The sculptress pays great attention to the finish of the sculpture’s surface, which is brought to life by accentuating the luminosity and reflectiveness through careful polishing in the case of steel and leaving it with its natural texture in the case of iron, creating a chromatic contrast between the skins of the metals as in “Castor und Pollux” of 1994. Similar attention is given to the junctures between parts, rendering the welded joints imperceptible so that the articulation of the bars is even more fluid, almost like an organism. It is as though the metal, through the welding, is bent into a pose which brings out the overall harmony of its crystallographic posture. It is. so to say. its self-generation. The artist in fact intervenes in the finishing stage of the work to remove the traces of imperfection due to the handwork. The piece must turn out perfect because it is not only produced but also self-generated by the subtle harmonies of the material. The concept of beauty which emerges from von Habsburg’s works has to do with incorruptibility.

With the indifference towards the metaphysical pathos of the “fall” (only conceived as mere physical casualty) and with the rhythm of the perfect dynamic suspension of forces and tensions. That there is something of a dance of the elements in the levitation of the two-dimensional planes was the formal result of the visual lyricism of the suprematists as well as of the manifold variations of EI Lissitzky’s Proun. As the Pevsner would have it, there really was something other than functionality in the relationship between art and technology. With coherence, one might say almost expressing a neoclassical ideal that lies below the abstract perfection of the dynamism of materials, Gabriela von Habsburg conceives a new metallic dance, made of unstable kinetic balances, having recourse to large steel bars to reinterpret, in a work of hers of 1997, one of the images par excellence of the perfection of movement bequeathed to us by the great tradition of Western: that of the Three Graces. It is in the mineral sphere that that classical beauty of the human body can be extended to a mineral and cosmological dimension. These incorruptible and absolute bodies. light and made of emptiness are no longer maidens, but rarefied crystallographies.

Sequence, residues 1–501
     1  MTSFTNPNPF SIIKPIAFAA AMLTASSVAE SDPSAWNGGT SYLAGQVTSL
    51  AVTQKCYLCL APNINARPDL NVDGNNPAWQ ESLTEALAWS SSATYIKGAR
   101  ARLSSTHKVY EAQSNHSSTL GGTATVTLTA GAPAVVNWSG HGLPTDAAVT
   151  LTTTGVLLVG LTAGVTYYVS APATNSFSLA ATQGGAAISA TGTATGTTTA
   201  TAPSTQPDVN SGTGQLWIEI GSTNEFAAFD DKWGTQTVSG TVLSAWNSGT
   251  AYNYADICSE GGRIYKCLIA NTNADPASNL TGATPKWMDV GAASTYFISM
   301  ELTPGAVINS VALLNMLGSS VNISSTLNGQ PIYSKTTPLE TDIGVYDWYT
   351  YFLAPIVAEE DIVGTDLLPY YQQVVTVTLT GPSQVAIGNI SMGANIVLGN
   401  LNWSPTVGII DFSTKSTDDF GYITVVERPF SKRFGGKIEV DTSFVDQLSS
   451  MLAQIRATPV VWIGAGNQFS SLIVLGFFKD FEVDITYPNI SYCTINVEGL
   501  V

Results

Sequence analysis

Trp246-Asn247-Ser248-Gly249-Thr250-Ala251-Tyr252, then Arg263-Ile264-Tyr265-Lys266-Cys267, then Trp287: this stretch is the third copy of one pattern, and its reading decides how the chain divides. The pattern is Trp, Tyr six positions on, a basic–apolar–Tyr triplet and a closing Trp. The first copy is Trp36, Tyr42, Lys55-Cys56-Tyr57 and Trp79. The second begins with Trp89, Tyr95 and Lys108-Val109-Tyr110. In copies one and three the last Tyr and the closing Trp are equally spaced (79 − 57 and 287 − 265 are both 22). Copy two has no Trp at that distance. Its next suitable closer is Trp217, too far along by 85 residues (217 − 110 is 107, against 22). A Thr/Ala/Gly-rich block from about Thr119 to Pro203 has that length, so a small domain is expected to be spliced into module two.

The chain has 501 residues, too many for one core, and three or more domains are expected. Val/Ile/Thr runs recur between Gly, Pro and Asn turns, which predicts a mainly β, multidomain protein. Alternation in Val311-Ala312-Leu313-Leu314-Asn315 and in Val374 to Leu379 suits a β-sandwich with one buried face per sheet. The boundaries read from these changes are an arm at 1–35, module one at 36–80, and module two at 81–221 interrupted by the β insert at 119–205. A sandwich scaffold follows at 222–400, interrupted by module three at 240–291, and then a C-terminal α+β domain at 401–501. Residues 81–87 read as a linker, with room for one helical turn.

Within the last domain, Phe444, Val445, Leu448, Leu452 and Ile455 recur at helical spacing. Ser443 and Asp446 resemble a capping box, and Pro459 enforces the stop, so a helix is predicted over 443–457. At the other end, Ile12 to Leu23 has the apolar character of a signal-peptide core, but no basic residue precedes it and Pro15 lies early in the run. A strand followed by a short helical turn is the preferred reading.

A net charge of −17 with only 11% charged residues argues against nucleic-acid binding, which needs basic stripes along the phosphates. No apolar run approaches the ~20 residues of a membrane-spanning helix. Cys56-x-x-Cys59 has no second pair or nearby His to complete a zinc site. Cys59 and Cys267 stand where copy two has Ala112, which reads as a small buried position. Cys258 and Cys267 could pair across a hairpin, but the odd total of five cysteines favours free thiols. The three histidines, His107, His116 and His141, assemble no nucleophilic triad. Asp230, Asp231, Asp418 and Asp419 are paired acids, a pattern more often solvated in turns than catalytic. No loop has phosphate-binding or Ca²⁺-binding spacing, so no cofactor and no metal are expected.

Riccardo Caldura in the catalog ‘Levitas’, 2000, ISBN 3-905639-00-9